After initial standard of care management of glioblastoma multiforme (GBM), relatively few proven options remain for patients with unresected progressive tumor. Numerous reports describe the value of radiosurgery, yet this modality appears to remain underutilized. The authors analyzed the outcomes of early adjuvant stereotactic radiosurgery (SRS) for unresected tumor or later salvage SRS for progressive GBM. Radiosurgery was performed as part of the multimodality management and was combined with other therapies. Patients continued to receive additional chemotherapy after SRS and prior to progression being documented. In this retrospective analysis, the authors evaluated factors that affected patient overall survival (OS) and progression-free survival.
Between 1987 and 2008 the authors performed Gamma Knife SRS in 297 patients with histologically proven GBMs. All patients had received prior fractionated radiation therapy, and 66% had undergone one or more chemotherapy regimens. Ninety-six patients with deep-seated unresectable GBMs underwent biopsy only. Of those in whom excision had been possible, resection was considered to be gross total in 68 and subtotal in 133. The median patient age was 58 years (range 23–89 years) and the median tumor volume was 14 cm3 (range 0.26–84.2 cm3). The median prescription dose delivered to the imaging-defined tumor margin was 15 Gy (range 9–25 Gy). The median follow-up duration was 8.6 months (range 1.1–173 months). Cox regression models were used to analyze survival outcomes. Variables examined included age, residual versus recurrent tumor, prior chemotherapy, time to first recurrence, SRS dose, and gross tumor volume.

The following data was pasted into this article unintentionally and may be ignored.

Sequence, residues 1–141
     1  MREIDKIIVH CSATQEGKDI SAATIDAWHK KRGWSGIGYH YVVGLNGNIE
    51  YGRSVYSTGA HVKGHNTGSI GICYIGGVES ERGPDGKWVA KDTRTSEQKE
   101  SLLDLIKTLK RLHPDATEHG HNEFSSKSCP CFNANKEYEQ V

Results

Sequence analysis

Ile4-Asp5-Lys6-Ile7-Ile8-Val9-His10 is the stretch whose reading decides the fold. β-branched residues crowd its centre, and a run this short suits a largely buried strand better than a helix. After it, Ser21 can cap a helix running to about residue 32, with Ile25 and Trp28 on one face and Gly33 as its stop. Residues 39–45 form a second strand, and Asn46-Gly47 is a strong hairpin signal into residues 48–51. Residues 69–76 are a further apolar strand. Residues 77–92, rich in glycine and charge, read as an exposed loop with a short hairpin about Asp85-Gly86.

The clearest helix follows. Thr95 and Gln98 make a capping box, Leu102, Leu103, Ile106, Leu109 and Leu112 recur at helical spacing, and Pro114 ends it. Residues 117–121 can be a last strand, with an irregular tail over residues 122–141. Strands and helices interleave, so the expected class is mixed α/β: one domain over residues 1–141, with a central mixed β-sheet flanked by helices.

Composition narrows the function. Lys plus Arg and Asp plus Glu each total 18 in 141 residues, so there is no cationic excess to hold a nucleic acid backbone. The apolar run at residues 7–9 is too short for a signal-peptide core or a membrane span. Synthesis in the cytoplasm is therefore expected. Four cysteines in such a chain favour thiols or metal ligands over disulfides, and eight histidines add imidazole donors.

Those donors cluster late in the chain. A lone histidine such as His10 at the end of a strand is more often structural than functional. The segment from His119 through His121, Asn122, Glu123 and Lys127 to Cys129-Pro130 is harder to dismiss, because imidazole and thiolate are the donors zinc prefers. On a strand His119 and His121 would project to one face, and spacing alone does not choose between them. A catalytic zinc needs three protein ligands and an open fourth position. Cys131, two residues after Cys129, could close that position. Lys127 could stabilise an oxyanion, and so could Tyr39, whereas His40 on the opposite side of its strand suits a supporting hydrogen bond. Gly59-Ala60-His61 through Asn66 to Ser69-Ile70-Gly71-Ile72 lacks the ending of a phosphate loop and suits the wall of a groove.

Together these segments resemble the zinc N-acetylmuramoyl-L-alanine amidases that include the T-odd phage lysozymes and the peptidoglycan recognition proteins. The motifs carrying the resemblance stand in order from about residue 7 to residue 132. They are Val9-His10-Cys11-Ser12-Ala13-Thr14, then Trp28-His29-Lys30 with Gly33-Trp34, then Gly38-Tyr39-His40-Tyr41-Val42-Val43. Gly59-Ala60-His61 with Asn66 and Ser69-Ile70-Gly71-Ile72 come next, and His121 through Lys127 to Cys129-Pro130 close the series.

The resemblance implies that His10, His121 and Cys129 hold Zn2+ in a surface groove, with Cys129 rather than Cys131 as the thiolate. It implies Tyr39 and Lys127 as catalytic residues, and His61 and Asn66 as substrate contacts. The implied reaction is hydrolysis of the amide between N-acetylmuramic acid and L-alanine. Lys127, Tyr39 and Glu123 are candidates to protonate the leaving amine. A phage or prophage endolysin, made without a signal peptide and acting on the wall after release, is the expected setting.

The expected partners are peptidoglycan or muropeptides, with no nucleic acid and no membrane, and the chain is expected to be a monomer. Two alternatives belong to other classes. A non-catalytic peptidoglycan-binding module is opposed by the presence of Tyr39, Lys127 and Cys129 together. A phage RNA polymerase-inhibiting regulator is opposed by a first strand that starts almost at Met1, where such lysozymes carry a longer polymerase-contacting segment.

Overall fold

The median survival times after radiosurgery and after diagnosis were 9.03 and 18.1 months, respectively. The 1-year and 2-year OS after SRS were 37.9% and 16.7%, respectively. The 1-year and 2-year OS after diagnosis were 76.2% and 30.8%, respectively. Using multivariate analysis, factors associated with improved OS after diagnosis were younger age (< 60 years) at diagnosis (p < 0.0001), tumor volume < 14 cm3 (p < 0.001), use of prior chemotherapy (p = 0.001), and radiosurgery at the time of recurrence (p < 0.0001). Multivariate analysis showed that younger age (p < 0.0001) and smaller tumor volume (< 14 cm3) (p = 0.001) were significantly associated with increased OS after SRS. Adverse radiation effects were seen in 69 patients (23%). Fifty-eight patients (19.5%) underwent additional resection after SRS. The median survivals after diagnosis for recursive partitioning analysis Classes III, IV and V+VI were 31.6, 20.8, and 16.7 months, respectively.
In this analysis 30% of a heterogeneous cohort of GBM patients eligible for SRS had an OS of 2 years. Radiosurgery at the time of tumor progression was associated with a median survival of 21.8 months. The role of radiosurgery for GBMs remains controversial. The findings in this study support the need for a funded and appropriately designed clinical trial that will provide a higher level of evidence regarding the future role of SRS for glioblastoma patients in whom disease has progressed despite standard management.